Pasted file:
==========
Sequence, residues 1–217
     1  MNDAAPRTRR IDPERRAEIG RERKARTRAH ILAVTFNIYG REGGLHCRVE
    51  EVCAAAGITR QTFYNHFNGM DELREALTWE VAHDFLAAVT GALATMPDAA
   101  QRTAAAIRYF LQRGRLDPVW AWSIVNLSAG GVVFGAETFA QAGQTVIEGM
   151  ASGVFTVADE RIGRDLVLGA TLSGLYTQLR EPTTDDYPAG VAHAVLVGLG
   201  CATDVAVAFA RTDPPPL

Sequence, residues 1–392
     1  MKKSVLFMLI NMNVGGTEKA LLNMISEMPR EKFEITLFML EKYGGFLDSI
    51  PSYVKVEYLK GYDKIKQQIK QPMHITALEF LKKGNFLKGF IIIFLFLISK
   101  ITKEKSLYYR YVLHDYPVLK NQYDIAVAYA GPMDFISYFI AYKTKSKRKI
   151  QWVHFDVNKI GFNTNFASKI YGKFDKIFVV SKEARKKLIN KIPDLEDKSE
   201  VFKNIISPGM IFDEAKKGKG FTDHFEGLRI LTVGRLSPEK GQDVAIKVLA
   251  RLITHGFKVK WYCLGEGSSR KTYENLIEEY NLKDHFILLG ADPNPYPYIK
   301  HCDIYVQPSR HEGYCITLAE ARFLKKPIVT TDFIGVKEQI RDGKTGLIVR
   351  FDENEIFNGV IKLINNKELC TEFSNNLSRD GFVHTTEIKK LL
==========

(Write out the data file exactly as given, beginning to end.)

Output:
Sequence, residues 1–217
     1  MNDAAPRTRR IDPERRAEIG RERKARTRAH ILAVTFNIYG REGGLHCRVE
    51  EVCAAAGITR QTFYNHFNGM DELREALTWE VAHDFLAAVT GALATMPDAA
   101  QRTAAAIRYF LQRGRLDPVW AWSIVNLSAG GVVFGAETFA QAGQTVIEGM
   151  ASGVFTVADE RIGRDLVLGA TLSGLYTQLR EPTTDDYPAG VAHAVLVGLG
   201  CATDVAVAFA RTDPPPL

Sequence, residues 1–392
     1  MKKSVLFMLI NMNVGGTEKA LLNMISEMPR EKFEITLFML EKYGGFLDSI
    51  PSYVKVEYLK GYDKIKQQIK QPMHITALEF LKKGNFLKGF IIIFLFLISK
   101  ITKEKSLYYR YVLHDYPVLK NQYDIAVAYA GPMDFISYFI AYKTKSKRKI
   151  QWVHFDVNKI GFNTNFASKI YGKFDKIFVV SKEARKKLIN KIPDLEDKSE
   201  VFKNIISPGM IFDEAKKGKG FTDHFEGLRI LTVGRLSPEK GQDVAIKVLA
   251  RLITHGFKVK WYCLGEGSSR KTYENLIEEY NLKDHFILLG ADPNPYPYIK
   301  HCDIYVQPSR HEGYCITLAE ARFLKKPIVT TDFIGVKEQI RDGKTGLIVR
   351  FDENEIFNGV IKLINNKELC TEFSNNLSRD GFVHTTEIKK LL